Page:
Courts considering adhesion contracts thus assess whether the drafting party has imposed the contract on the public, i.e., consumers, for necessary services or goods where the buyer realistically has nowhere else to go. Some common examples of an adhesion contract are a real estate mortgage contract, an insurance policy, or a transportation ticket. Adhesion contracts are not a sinister phenomenon but are a necessary concomitant of a sophisticated commercial society. With these instruments, the parties can devote scarce and costly time and skill to a class of transactions rather than to the details of individual bargains. About the only legal consequence of an adhesion contract, no defect in the consent process appearing, such as unconscionability, is that any ambiguities in the agreement will be construed against the drafter.
Based on this formulation, a contract between the Department of Defense and these two military contractors for a complex weapons system was not an adhesion contract. The government was not foisting a non-negotiable contract on consumers for necessary services; the contract simply contained some standard form clauses. Further, the roles of the parties in an adhesion contract are a powerful seller and a weaker buyer. This standard situation is distinguishable from the General Dynamics/Boeing scenario because the supposed weaker parties are two major defense contractors who were the sellers and not the buyers.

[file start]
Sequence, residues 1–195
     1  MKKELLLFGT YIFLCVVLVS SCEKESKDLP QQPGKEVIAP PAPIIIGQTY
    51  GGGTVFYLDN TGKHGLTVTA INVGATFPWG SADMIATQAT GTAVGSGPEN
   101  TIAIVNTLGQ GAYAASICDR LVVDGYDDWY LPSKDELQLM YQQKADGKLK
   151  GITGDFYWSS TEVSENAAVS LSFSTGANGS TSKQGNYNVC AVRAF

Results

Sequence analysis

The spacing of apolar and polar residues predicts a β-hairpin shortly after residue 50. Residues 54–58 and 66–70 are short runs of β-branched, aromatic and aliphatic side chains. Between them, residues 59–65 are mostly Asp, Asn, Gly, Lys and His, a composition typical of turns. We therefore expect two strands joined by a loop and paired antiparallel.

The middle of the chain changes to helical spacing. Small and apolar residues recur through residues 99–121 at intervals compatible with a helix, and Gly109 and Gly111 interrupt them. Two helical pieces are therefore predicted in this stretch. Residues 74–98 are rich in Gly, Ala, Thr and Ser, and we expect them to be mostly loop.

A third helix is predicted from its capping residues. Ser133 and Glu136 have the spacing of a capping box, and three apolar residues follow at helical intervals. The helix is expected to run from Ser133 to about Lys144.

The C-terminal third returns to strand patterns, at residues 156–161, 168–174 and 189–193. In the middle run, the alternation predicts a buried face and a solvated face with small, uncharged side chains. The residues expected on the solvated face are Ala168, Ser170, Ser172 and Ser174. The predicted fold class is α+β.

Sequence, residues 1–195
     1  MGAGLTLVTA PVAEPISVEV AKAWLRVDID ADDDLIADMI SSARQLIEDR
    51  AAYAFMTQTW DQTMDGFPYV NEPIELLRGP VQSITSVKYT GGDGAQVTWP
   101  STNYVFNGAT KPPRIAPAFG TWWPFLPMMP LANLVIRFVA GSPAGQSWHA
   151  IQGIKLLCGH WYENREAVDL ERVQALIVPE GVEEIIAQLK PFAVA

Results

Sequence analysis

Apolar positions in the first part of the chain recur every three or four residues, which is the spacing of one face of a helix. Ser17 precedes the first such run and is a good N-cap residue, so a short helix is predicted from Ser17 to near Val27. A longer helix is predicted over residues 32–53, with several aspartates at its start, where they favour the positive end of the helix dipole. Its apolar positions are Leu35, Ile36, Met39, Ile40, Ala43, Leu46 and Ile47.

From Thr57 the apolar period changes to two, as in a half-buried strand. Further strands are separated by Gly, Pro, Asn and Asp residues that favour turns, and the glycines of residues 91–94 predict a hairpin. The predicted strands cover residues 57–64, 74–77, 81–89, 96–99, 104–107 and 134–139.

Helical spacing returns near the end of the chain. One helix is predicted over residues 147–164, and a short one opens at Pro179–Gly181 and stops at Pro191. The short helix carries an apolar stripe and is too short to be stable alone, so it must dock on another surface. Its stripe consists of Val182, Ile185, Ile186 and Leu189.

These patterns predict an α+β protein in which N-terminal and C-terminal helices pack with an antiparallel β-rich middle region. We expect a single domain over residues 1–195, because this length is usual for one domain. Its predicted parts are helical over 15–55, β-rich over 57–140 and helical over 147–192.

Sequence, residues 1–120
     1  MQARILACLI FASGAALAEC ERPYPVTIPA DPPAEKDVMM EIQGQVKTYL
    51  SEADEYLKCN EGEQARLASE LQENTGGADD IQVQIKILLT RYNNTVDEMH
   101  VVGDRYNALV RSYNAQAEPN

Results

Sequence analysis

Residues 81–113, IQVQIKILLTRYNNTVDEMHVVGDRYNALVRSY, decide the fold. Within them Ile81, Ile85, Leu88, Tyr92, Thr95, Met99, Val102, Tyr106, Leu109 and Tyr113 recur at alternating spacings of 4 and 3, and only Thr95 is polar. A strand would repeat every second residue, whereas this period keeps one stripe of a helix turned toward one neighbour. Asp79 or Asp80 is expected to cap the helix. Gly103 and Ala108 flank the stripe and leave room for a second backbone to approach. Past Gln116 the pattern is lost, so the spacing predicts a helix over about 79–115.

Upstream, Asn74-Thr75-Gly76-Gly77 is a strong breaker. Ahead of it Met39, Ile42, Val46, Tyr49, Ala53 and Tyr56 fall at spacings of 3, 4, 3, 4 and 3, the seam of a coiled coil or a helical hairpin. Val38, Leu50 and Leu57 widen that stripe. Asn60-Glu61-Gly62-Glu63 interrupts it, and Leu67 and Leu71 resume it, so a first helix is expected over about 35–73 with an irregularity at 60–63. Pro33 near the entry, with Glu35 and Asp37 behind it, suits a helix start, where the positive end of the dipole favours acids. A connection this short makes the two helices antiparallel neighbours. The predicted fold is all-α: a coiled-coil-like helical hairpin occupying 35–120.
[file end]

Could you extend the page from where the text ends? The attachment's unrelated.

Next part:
Apart from this role reversal, the General Dynamics/Boeing scenario does not support the first element of an adhesion contract, stated above, which is a “great disparity” in the parties’ bargaining power. As Mr. O’Donnell concedes, these two contractors were “sophisticated and experienced government contractors.” It strains credulity to contend that these two multi-billion dollar contractors believed that they were not negotiating as equals with the agency or that they felt compelled to knuckle under to the government’s form clauses and other contract terms. Compare Double Circle Farm Supply Co., AGBCA No. 88-204-1, 90-1 BCA ¶ 22,556 (“Extensive negotiation between the parties would suggest the contract was not one of adhesion”); id. (“party that has ample opportunity to review an agreement and has the advice of counsel” cannot assert the contract is adhesive). Furthermore, it must be remembered that the military contract at issue was for research and development, in which the contractual scope of work is supposed to “[a]llow contractors freedom to exercise innovation and creativity.” See 48 C.F.R. 35.005. Such an open ended work statement is far afield from the “Government’s dictating terms to which any competing party must bid,” as claimed by Mr. O’Donnell.